Do “Smart” Name Changes Aimed at Growth Sap the Life Out of Brands?

Toward the end of a recent Love It Or Leave It podcast, host Jon Lovett (@jonlovettwas ranting about how ABC did not want to air the awards for cinematography and editing on this year’s Oscar broadcast. There are other ways to shorten the broadcast, he argued, though one of his guests asked why it had to be shortened at all. “What else do you have to do on Oscar night?”

Lovett’s point was that cinematography and editing where what made movies movies.  How can these core contributions be ignored?

What fascinated me was the way he opened his rant with an analogy to the marketing world.

“How much substance can we sap out of our culture every day? Every company that’s named after the one product they make really well eventually realizes they have to change their name and make something else. So the International House of Pancakes has to become IHOP and sell burgers. Burger King has to become BK so you’ll buy the chicken. Boston Chicken has to become Boston Market so you’ll buy the turkey. Dunkin Donuts has to become Dunkin because you gotta buy the coffee. At a certain point, the pressures of the market tell something to stop being the thing that makes them wonderful so they can make something else.”

The strategic reasons behind these name changes, or the “pressures of the market” as Lovett calls them, are clear. IHOP wants to expand its business to other dayparts. Pancakes mean breakfast, so it’s not a place you might consider for lunch or dinner. You can’t get much unhealthier than sugar and carb-laden donuts, so if you want people to come in for a multigrain bagel or a veggie egg white on an English muffin and a cup of coffee, maybe it’s not a good idea to have donuts in your name. The same goes for KFC’s reasoning to move away from Kentucky Fried Chicken. Fried food is out.

You could argue that these were all sound decisions when they were made. But now I wonder if any of these name changes were a good idea. Did the rebranding efforts “sap the substance” of these brands? How much less authentic does a brand become when its identity is literally a shadow of its former self? Names reduced to initials – IHOP, BK and KFC – are especially troubling for me. Shortcuts designed to have it both ways, with traditional and older consumers remembering “pancakes” while new consumers start with a clean slate. But what is, exactly, and IHOP, a BK or a KFC?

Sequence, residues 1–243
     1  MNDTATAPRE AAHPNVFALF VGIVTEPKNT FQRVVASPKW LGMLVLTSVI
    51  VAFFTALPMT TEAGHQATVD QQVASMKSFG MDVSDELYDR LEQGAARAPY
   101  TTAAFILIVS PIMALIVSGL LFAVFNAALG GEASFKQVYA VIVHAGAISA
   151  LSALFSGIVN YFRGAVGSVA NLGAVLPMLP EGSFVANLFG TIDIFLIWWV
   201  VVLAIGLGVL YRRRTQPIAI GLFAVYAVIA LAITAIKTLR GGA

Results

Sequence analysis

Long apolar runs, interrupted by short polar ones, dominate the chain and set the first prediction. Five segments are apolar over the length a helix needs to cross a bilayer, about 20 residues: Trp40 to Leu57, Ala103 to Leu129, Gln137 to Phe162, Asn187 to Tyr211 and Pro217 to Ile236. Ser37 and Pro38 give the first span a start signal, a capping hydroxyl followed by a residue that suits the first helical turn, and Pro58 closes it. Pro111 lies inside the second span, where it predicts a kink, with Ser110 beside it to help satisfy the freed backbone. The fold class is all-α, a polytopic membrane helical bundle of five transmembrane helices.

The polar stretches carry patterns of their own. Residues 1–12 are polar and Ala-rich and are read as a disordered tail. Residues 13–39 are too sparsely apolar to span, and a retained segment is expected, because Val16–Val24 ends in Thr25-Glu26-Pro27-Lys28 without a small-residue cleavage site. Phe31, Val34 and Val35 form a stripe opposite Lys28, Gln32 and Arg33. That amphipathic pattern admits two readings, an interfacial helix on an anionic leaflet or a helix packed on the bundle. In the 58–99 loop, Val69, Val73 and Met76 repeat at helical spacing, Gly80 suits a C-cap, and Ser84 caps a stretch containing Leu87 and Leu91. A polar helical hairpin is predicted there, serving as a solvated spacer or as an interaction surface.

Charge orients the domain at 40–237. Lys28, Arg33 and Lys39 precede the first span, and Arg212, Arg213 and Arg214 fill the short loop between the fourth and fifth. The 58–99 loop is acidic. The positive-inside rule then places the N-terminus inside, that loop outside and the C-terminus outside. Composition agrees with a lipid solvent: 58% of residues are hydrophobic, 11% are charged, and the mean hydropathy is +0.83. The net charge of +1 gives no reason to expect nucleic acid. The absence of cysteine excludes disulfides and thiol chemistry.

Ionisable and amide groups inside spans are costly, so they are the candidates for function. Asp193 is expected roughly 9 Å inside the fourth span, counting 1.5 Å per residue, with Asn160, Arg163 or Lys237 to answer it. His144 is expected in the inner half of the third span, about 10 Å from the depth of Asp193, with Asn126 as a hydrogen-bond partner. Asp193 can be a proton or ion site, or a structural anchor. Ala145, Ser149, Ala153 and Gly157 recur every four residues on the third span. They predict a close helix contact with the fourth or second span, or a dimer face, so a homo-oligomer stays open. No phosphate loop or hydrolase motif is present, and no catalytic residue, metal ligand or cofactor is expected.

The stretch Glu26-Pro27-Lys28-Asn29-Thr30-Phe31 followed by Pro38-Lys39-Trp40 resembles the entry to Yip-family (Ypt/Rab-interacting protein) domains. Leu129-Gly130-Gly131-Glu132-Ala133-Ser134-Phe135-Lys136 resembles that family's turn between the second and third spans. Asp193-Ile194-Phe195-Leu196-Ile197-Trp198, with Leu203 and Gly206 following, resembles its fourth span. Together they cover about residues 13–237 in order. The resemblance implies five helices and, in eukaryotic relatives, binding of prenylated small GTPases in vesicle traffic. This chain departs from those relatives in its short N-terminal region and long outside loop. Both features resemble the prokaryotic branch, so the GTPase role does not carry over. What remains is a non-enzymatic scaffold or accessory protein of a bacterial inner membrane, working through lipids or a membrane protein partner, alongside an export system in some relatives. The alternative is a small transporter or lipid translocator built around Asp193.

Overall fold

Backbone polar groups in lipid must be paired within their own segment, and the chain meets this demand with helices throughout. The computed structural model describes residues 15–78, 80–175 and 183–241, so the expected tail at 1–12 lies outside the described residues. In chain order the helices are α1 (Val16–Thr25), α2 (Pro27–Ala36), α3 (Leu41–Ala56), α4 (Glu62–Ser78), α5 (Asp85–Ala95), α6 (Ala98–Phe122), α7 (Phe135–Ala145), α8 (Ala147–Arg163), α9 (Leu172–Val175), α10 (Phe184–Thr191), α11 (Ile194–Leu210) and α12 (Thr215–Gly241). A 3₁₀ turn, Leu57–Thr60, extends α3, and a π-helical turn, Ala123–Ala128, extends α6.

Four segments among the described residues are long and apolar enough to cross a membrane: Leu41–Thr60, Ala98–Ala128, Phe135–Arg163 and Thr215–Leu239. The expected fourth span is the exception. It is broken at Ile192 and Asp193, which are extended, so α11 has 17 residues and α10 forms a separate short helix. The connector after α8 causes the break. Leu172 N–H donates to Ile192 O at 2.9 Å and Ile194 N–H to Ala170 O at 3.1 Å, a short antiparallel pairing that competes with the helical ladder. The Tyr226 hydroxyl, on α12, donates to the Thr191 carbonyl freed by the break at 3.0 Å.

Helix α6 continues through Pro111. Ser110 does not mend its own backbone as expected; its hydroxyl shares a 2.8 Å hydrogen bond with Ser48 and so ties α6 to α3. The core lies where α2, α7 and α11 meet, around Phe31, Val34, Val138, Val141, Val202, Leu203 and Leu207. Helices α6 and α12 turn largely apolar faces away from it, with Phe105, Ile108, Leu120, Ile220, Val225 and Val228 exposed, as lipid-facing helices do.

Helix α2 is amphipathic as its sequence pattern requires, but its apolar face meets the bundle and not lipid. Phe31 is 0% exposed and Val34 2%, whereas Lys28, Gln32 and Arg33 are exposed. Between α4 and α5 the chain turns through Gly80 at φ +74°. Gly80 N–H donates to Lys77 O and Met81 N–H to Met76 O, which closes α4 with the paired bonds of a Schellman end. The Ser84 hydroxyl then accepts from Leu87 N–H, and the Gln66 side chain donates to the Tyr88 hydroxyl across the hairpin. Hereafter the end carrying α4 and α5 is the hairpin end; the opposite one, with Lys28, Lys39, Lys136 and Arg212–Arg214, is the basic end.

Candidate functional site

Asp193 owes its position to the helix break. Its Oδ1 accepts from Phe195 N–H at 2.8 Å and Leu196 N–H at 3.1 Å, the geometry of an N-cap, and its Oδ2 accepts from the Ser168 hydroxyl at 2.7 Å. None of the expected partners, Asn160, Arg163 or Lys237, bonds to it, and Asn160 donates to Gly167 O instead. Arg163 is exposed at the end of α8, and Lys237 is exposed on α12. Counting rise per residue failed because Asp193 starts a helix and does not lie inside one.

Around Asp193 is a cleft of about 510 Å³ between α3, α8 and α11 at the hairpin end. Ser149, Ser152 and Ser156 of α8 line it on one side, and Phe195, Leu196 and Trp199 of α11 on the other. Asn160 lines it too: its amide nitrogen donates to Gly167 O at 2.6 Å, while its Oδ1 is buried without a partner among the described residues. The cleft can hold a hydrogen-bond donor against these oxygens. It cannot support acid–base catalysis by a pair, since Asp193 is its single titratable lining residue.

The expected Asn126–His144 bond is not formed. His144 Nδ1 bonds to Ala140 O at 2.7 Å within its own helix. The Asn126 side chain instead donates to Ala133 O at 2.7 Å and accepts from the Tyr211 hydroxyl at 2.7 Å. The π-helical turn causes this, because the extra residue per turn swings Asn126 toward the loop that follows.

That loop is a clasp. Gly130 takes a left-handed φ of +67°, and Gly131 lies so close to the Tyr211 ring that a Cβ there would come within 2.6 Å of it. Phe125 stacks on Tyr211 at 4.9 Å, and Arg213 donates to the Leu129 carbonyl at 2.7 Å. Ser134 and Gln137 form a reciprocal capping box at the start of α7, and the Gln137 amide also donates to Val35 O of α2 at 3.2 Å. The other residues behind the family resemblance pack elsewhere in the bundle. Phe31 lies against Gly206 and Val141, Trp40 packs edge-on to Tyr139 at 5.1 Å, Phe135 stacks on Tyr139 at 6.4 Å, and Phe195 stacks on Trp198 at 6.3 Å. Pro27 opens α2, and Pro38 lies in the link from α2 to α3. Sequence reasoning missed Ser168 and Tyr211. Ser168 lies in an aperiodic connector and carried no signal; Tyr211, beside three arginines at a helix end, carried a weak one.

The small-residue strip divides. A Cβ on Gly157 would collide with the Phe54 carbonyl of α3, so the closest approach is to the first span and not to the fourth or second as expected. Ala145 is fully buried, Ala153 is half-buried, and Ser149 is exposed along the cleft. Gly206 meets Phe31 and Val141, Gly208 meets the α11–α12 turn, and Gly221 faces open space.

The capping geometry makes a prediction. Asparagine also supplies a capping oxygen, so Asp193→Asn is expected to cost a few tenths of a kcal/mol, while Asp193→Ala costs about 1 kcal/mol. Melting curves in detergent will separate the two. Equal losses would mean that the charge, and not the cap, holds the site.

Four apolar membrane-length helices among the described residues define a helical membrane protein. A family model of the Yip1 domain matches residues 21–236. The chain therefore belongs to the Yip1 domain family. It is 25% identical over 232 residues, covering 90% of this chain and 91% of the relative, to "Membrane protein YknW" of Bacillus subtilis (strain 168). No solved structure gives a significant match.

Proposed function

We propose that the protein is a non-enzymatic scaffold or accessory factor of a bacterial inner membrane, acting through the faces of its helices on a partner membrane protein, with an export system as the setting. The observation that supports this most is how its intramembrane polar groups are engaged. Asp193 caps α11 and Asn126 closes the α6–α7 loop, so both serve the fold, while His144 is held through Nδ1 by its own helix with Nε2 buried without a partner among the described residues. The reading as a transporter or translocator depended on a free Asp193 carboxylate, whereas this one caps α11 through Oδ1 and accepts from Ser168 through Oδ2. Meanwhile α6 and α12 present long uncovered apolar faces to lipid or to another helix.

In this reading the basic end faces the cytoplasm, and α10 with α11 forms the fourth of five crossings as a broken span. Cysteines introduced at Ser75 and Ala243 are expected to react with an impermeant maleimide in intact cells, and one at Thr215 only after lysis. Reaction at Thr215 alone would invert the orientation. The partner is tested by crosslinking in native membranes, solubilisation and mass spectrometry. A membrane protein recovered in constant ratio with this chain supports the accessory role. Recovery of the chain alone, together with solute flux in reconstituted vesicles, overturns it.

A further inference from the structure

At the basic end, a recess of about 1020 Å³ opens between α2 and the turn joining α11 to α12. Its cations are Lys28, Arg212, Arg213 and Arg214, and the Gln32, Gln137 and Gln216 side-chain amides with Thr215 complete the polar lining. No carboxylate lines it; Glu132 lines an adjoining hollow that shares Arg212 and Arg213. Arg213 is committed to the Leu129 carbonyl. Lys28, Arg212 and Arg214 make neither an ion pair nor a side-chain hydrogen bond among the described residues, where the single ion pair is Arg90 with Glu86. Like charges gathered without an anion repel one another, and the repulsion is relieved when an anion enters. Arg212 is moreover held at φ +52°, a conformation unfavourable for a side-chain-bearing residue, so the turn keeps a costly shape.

Is the trade-off of losing the stigma of “fried” or “burgers” or “pancakes” worthwhile when measured against authenticity?

I’d argue that consumers always gave Burger King the license to sell chicken and fish sandwiches. Yes, it’s a place known for burgers, but like McDonald’s, the more important consideration is the core competence of indulgent food fast and cheap. And with menu items like French fries and shakes, it’s not a stretch to say that for some, the burgers aren’t even the main draw.

It’s not dissimilar to another brand I’ve worked on. There is absolutely no disconnect for people to buy daiquiri or pina colada drink mixes from Jimmy Buffet’s Margaritaville brand. The tropical kicked back state of mind is more important than tequila. Rum fits in quite nicely.

Moreover, times have changed. The age of department stores and other generalist businesses are over, at least for now. McDonald’s still struggles with a menu that’s grown out of control. It’s hard to think of many brands that still succeed by being all things to all people. Specialization and authenticity now walk hand in hand.

If we were starting from scratch, with no baggage whatsoever, I wonder which concept would be more successful today. The International House of Pancakes, where you can get the best pancakes in the world and a world of pancakes, because that’s their passion? Amazing pancakes you can eat any meal, at any time of the day along with eggs, sandwiches, burgers, salads and a few other limited items for the objectors in your group or if you just want something different.

Most everyone in America knows “IHOP” is – the brand successfully navigated the change and the abbreviated name is part of the culture. It’s also less of a mouthful than “International House of Pancakes?” But what’s more authentic?

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